[Pdns-users] CPU consumption of pdns_recursor
Mark.Nejedlo at tdstelecom.com
Tue Apr 6 16:25:44 UTC 2021
On Tuesday, April 6, 2021 10:04 AM, Remi Gacogne wrote:
> On 4/6/21 4:18 PM, Nejedlo, Mark via Pdns-users wrote:
> > Would additional distributor threads really cause additional worker
> CPU usage?
> That could happen if they have to fight for the incoming socket. Do you
> have reuseport=yes in your configuration?
Either I'm deeply misunderstanding something (quite possible), or we may be talking about different things. If I understand correctly, thundering herd problems should only show up on the distributor threads, but my distributors are not very busy. It is the workers doing the actual DNS processing that show the high CPU, and I would think the distributors address the workers individually, not via a shared port (but maybe I'm wrong?)
Dropping the distributors to one, which I'm planning to do anyway, will eliminate the problem on the front end socket. If the workers do share the connection to the distributors, adding reuseport isn't hard.
> > Does the maintenance function block the worker while it's running?
That's unfortunate. While I don't think timeouts are the source of my problems, I'll still have to think about how to address this just for general health of the service.
> >> I see that XPF is enabled between dnsdist and the recursor, which
> >> kills the recursor's packet cache. That might explain the bad
> >> performance results.
> > Even with a short edns-subnet-whitelist?
> I'm afraid so, yes, and since some of your responses depends on the
> client IP (EDNS Client Subnet is enabled for some domains) you can't
> really enable the packet cache in dnsdist, unless you know for sure that
> only a few domains are using EDNS Client Subnet, and that there is no
> CNAME to them from other domains. Then you could perhaps enable the
> packet cache in dnsdist and disable it for these domains only.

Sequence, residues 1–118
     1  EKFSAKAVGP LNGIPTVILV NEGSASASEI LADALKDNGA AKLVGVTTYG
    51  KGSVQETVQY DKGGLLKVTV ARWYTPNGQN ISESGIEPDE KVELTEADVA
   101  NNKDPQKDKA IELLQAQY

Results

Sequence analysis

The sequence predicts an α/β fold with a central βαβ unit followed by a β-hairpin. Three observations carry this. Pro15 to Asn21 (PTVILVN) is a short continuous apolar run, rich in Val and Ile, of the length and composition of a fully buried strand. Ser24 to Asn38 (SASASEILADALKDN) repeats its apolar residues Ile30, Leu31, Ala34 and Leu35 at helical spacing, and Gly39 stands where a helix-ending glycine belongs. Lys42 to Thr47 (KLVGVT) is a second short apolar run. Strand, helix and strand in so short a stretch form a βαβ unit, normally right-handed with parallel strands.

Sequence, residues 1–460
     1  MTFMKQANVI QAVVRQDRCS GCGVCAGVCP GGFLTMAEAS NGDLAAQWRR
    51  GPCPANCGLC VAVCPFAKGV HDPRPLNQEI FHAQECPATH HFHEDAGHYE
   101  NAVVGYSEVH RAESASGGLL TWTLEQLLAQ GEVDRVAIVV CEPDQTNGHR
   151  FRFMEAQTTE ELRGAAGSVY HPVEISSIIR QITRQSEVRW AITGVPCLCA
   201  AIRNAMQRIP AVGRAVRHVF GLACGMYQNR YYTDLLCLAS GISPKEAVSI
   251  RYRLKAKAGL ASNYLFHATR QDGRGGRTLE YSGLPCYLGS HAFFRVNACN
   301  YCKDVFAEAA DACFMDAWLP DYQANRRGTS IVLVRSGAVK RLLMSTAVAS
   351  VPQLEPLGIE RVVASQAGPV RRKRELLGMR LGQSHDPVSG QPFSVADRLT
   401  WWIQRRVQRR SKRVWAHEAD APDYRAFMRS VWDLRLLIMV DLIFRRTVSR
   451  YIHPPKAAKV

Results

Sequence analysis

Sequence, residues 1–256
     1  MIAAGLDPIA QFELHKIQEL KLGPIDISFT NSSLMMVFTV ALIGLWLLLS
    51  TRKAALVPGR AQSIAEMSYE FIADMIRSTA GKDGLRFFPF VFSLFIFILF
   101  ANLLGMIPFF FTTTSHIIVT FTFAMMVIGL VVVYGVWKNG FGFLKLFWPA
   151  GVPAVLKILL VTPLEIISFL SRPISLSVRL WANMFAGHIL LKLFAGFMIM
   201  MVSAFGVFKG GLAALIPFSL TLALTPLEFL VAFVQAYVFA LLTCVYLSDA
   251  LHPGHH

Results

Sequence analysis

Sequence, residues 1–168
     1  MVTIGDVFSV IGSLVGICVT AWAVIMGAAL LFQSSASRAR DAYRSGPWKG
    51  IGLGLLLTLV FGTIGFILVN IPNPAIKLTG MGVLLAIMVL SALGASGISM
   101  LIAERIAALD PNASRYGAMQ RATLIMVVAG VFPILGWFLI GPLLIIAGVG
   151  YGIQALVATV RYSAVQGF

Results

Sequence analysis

Sounds like I'll need to do some more detailed learning about the packet caches and how they interact.
> Do you really XPF, by the way? You are passing the initial client IP in
> EDNS Client Subnet already, so that might be enough?
This is probably a misunderstanding on my part. I was under the impression that useClientSubnet=true told dnsdist that it needed to pass the client IP, and addXPF/proxy protocol told it how to do so. If I'm wrong, dropping XPF is easy enough. Although, it sounds like I also want to drop useClientSubnet in favor of the proxy protocol.
> > Both 4.4/5 and proxy protocol were on my radar, but my priority was to
> address the CPU usage. If there's performance gains to be had in
> upgrading, I can certainly do that. Is 4.5GA likely to happen soon?
> The proxy protocol adds a header outside of the DNS payload, so it would
> not kill your packet cache. If you get rid of EDNS Client Subnet and XPF
> between dnsdist and the recursor so you should get much better
> Even if you need to keep EDNS Client Subnet between dnsdist and the
> recursor, you could then try enabling dnsdist's packet cache with the
> EDNS zero scope feature  which let dnsdist know when it can cache an
> answer for all clients.
This probably goes back to my confusion on the previous point. I need client IP aware responses, not specifically useClientSubnet between dnsdist and pdns_recursor. Proxy protocol should be fine.
More information about the Pdns-users